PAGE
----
Rev Dr Lynn Arnold AO

Evensong Sermon

 11 November 2018



May the words of my mouth and the meditations of our hearts be worthy in your sight, O Lord, our Rock and our Redeemer. Amen.

I was nearly twelve when we arrived in this country and spent the last term of my primary schooling at Paringa Park Primary, near Somerton. It was there I was fortunate enough to have one of those exceptional teachers whom one never forgets. I can’t remember exactly when it was, but I’m guessing it was near November 11 that Mr Webb chose to tell all us pupils to pay special attention for something at the following year’s ANZAC parade. He told us to look for buses that would be part of the parade; and said that they would be carrying returned soldiers who were resident at the Repatriation Hospital at Daw Park. Those invalided soldiers, too weak to march, had fought in the Great War and been victims of gas attacks that had left them so devastatingly injured for the rest of their lives that they had had to be permanently hospitalised upon their return.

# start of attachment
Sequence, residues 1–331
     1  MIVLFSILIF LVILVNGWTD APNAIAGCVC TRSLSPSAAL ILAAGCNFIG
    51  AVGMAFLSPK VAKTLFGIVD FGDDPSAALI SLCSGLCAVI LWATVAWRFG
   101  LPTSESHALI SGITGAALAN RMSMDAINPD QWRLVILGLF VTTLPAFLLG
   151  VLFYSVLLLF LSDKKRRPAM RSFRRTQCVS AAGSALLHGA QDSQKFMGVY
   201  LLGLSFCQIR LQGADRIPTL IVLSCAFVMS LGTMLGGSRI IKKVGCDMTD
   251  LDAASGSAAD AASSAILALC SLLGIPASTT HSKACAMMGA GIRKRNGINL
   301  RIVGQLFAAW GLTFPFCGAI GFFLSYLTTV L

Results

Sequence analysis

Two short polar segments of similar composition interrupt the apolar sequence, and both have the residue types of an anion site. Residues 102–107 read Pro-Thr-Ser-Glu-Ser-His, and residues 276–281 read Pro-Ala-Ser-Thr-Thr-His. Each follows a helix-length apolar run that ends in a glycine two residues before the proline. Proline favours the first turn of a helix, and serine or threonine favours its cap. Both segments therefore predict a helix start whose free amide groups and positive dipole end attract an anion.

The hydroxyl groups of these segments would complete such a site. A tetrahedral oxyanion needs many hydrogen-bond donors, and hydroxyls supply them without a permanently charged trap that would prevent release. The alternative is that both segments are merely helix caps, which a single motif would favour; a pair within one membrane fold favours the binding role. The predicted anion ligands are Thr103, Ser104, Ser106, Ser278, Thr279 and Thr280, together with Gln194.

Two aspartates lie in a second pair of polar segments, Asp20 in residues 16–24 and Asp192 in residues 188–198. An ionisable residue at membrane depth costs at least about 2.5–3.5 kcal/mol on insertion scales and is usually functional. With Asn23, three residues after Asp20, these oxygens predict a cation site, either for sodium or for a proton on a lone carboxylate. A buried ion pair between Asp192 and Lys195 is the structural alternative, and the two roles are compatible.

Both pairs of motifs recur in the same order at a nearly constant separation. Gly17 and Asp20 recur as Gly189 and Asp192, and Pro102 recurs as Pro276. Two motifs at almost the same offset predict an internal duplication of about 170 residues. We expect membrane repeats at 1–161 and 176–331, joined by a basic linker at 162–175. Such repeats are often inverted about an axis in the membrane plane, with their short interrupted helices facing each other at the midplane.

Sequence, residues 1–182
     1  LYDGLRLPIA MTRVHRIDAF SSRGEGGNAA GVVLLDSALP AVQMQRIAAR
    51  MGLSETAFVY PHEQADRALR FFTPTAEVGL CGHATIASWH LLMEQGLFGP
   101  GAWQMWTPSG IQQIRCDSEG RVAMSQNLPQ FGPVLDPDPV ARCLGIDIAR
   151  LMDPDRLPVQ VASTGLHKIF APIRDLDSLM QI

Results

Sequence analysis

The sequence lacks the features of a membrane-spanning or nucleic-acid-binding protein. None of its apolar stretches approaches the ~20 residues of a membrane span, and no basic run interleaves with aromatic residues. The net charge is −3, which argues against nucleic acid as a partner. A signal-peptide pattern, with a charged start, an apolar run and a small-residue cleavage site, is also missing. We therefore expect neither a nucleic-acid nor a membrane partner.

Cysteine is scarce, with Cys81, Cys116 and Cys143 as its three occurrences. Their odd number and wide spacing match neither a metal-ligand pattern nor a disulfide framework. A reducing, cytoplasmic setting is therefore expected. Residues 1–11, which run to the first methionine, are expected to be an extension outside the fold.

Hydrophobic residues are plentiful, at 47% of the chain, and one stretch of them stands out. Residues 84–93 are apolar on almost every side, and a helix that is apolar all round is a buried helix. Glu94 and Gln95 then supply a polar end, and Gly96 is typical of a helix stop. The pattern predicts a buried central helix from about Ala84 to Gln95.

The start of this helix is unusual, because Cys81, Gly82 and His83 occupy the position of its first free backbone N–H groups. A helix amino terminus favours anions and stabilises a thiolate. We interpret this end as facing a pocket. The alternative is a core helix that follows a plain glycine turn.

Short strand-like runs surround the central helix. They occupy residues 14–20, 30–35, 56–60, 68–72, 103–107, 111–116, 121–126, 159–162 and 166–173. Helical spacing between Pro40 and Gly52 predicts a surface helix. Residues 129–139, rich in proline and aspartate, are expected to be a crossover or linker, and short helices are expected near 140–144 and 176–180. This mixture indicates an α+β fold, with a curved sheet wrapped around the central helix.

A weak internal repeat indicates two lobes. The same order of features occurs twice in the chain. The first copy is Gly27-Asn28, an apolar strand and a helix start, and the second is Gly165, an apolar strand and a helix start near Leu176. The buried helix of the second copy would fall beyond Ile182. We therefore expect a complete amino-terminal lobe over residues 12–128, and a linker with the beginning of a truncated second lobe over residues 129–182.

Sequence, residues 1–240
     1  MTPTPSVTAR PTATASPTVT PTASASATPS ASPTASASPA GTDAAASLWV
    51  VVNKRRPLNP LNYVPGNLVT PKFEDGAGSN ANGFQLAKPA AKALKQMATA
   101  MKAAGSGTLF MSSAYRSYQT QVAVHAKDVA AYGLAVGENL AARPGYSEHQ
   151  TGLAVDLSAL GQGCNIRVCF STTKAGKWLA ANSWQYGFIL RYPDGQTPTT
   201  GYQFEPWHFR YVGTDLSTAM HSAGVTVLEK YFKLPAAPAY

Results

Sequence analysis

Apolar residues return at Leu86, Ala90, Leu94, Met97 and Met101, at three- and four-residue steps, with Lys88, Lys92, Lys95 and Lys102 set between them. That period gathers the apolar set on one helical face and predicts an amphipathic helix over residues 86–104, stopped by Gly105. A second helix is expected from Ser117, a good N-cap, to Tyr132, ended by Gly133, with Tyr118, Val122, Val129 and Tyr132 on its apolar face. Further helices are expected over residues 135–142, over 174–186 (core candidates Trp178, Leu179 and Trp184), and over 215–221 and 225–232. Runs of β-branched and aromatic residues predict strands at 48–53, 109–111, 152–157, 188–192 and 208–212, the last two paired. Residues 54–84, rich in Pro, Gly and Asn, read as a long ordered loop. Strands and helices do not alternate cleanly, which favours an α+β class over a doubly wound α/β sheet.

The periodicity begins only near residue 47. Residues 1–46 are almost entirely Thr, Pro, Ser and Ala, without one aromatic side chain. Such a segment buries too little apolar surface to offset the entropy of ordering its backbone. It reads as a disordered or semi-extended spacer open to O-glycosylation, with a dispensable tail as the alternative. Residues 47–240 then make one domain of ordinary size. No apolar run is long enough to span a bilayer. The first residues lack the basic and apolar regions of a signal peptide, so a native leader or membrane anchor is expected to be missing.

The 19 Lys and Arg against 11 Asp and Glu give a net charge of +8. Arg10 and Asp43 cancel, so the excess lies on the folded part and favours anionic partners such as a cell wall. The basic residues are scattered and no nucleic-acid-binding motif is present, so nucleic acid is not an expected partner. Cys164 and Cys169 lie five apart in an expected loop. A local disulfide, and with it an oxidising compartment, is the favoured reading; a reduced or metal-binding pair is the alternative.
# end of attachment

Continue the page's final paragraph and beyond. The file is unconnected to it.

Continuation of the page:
I was told this in 1960 and was both horrified and deeply moved to think of these men who had been hospitalised over forty years as a result of warfare. As I say I was nearly twelve at the time; what Mr Webb had told us had a profound impact upon me and indeed it would significantly influence my views about war and peace as I grew into adulthood. Here were men who had gone off to fight for their country and for freedom; men who had grown old by the time I knew of them. Here they were, invalids in buses; the intervening years since they had heroically manned the trenches had given them nothing but decades of impaired living that surely demanded as much courage and fortitude every moment of their peace-time lives until death would finally release them from their daily suffering.

Today is Remembrance Day, November 11. Originally called Armistice Day, it is a day of especial commemoration that has its historical roots in that day exactly one hundred years ago today when the guns fell silent at 11am GMT on the eleventh day of the eleventh month of 1918. The Armistice was the day of the laying down of arms bringing to a kind of end, the War to end all Wars; though it would be another eight months before that ending would be formalised by the signing of the Treaty of Versailles.